Can a painting be seen purely as an ornamental work or as an investment. Certainly an old master painting hanging within the National Gallery has long passed its original point of being a visible representation, and has transformed into being an investment purely for its own sake. Alternatively, a piece in oils of a local scene might by no means reach a higher worth than its original sale price but nonetheless convey pleasure to its owner.
When paintings are used as a method of creating wealth it’s usually assumed that they will be locked away from the public eye, or to preserve their integrity. Such work then turns into a mere vehicle for realizing profit. These masters, selling for many thousands and thousands of pounds can only be bought by those rich enough sometimes with greater spending power than sovereign states. These are actually far beyond the means of an average art lover.So is there scope for the small investor to buy a piece of art that will not only give pleasure but hopefully increase in value.
The answer is optimistic and with the aid of a discerning eye and some extent of care, work by a fledgling artist can be found long before that particular person becomes famous. One supply of new artists is at exhibitions held at Universities displaying works by their students previous to graduation.Artworks, whatever the medium used or the subject, are easily and readily available. Most main towns and cities boast galleries where work could be seen and purchased.Most galleries will display works by a variety of artists, sometimes holding exhibitions showing work by an up and coming painter or one more established.
However there are different venues available where paintings is instantly available. These would include street markets where aspiring hopefuls will show their works and many bargains can be discovered, particularly where the love of art is foremost. Nor should local exhibitions be ignored, they often display paintings by amateurs, many are of a very high standard equalling those of their professional counterparts.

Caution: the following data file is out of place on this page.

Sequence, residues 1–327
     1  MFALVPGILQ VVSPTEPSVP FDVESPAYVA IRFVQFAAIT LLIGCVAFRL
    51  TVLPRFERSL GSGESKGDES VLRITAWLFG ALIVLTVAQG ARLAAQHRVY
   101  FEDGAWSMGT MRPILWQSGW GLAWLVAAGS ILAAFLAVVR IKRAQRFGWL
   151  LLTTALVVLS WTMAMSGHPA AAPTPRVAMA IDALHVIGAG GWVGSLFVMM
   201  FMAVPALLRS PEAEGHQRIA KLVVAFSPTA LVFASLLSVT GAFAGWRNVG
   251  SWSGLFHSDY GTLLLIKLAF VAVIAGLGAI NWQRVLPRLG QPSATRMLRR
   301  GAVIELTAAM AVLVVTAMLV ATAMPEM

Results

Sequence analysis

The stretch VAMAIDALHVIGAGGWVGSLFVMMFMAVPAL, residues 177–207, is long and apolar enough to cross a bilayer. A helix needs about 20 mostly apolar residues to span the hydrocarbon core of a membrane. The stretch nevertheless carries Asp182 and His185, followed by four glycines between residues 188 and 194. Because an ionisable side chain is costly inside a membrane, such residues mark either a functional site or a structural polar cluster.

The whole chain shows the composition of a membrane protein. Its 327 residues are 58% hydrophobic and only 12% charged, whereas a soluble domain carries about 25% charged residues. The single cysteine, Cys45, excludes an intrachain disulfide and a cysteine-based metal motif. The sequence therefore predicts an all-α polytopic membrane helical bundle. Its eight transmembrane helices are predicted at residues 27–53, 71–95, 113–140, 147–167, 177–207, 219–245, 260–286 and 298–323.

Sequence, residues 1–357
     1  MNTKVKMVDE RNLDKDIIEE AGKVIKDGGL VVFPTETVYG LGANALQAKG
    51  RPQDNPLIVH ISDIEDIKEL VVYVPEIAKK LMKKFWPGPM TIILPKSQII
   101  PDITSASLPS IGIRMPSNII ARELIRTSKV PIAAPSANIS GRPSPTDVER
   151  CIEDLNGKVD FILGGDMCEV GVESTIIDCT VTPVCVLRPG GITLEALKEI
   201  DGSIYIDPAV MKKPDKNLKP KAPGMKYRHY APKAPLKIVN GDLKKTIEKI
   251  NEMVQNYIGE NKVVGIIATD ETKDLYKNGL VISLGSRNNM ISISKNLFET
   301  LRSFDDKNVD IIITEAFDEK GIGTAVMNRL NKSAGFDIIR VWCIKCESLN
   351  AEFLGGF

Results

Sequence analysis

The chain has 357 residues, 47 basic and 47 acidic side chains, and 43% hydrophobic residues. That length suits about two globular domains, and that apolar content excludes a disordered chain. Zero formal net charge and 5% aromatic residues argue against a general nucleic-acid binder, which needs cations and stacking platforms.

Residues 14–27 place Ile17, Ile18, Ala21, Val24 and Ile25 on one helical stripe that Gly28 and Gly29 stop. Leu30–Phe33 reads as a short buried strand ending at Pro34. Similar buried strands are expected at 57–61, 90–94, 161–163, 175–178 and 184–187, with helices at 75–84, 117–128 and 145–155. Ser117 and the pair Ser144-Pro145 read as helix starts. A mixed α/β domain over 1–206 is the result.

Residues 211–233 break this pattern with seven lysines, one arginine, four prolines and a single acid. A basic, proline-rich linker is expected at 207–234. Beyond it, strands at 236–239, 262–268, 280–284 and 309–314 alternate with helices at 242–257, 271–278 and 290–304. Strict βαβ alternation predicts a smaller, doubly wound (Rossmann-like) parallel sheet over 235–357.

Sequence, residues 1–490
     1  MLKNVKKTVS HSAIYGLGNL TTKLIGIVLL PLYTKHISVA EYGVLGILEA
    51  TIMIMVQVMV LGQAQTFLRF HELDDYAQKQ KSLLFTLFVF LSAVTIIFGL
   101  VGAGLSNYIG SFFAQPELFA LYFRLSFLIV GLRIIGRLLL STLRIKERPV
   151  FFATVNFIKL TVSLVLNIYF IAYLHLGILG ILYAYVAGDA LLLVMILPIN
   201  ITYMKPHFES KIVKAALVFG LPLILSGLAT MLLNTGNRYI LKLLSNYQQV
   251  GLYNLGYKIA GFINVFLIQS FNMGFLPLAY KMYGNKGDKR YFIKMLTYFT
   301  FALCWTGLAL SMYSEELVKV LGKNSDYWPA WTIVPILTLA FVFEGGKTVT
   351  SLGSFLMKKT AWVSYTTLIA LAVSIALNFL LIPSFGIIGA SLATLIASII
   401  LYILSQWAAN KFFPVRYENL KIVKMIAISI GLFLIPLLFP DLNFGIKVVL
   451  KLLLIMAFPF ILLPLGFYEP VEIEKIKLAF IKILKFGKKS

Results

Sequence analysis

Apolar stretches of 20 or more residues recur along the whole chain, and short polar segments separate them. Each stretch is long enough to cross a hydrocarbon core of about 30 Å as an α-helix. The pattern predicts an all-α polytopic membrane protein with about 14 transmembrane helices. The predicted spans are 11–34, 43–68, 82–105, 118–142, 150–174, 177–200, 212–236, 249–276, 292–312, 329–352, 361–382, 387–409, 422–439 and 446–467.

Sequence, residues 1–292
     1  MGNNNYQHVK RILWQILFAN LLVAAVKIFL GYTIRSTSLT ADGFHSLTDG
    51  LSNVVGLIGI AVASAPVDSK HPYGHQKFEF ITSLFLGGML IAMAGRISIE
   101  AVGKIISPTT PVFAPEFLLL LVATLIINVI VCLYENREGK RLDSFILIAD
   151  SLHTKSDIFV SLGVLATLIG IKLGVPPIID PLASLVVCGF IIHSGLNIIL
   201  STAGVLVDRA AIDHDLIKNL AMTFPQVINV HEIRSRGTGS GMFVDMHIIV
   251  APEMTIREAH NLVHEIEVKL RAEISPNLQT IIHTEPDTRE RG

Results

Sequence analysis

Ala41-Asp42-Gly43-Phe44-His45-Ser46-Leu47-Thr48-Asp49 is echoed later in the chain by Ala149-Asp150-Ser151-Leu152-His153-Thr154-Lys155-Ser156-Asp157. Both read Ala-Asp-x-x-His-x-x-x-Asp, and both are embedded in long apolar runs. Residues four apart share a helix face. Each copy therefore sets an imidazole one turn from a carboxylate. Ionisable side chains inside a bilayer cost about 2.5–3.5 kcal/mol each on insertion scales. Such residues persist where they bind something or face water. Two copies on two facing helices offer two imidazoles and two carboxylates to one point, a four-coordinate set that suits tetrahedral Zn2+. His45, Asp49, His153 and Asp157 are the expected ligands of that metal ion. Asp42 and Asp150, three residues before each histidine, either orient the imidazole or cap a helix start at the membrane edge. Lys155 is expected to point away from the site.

The topic choice is down to the purchaser at the end. Some subjects prove to be better investments than others. The smart investor with an eye on market trends will select a subject that over time will show to be in demand. An example could be of wildlife subjects being more in demand than a portrait, unless the subject of the latter is a well-known person. Nevertheless the buyer could effectively choose to purchase a specific work simply because that particular person likes it and monetary returns are of secondary importance. Sometimes even original art can be too costly for the average person. In this case consideration needs to be given to the signed limited edition prints. Excellent in every way to the original, these prints are restricted to a small run, the less the number printed, the higher the preliminary price, however with a better resale value. This is a wonderful strategy to purchase works by a famous artist but inside a limited budget.
In the final evaluation, the choice of whether artwork is a matter of investment or of ornamentation, will depend on the purchaser. It’s a risky means of long term gain but if the paintings is appreciated then the enjoyment must be taken into consideration as well. Whether it is acquired simply because of the pleasure it brings to the new owner then the painting in itself is priceless.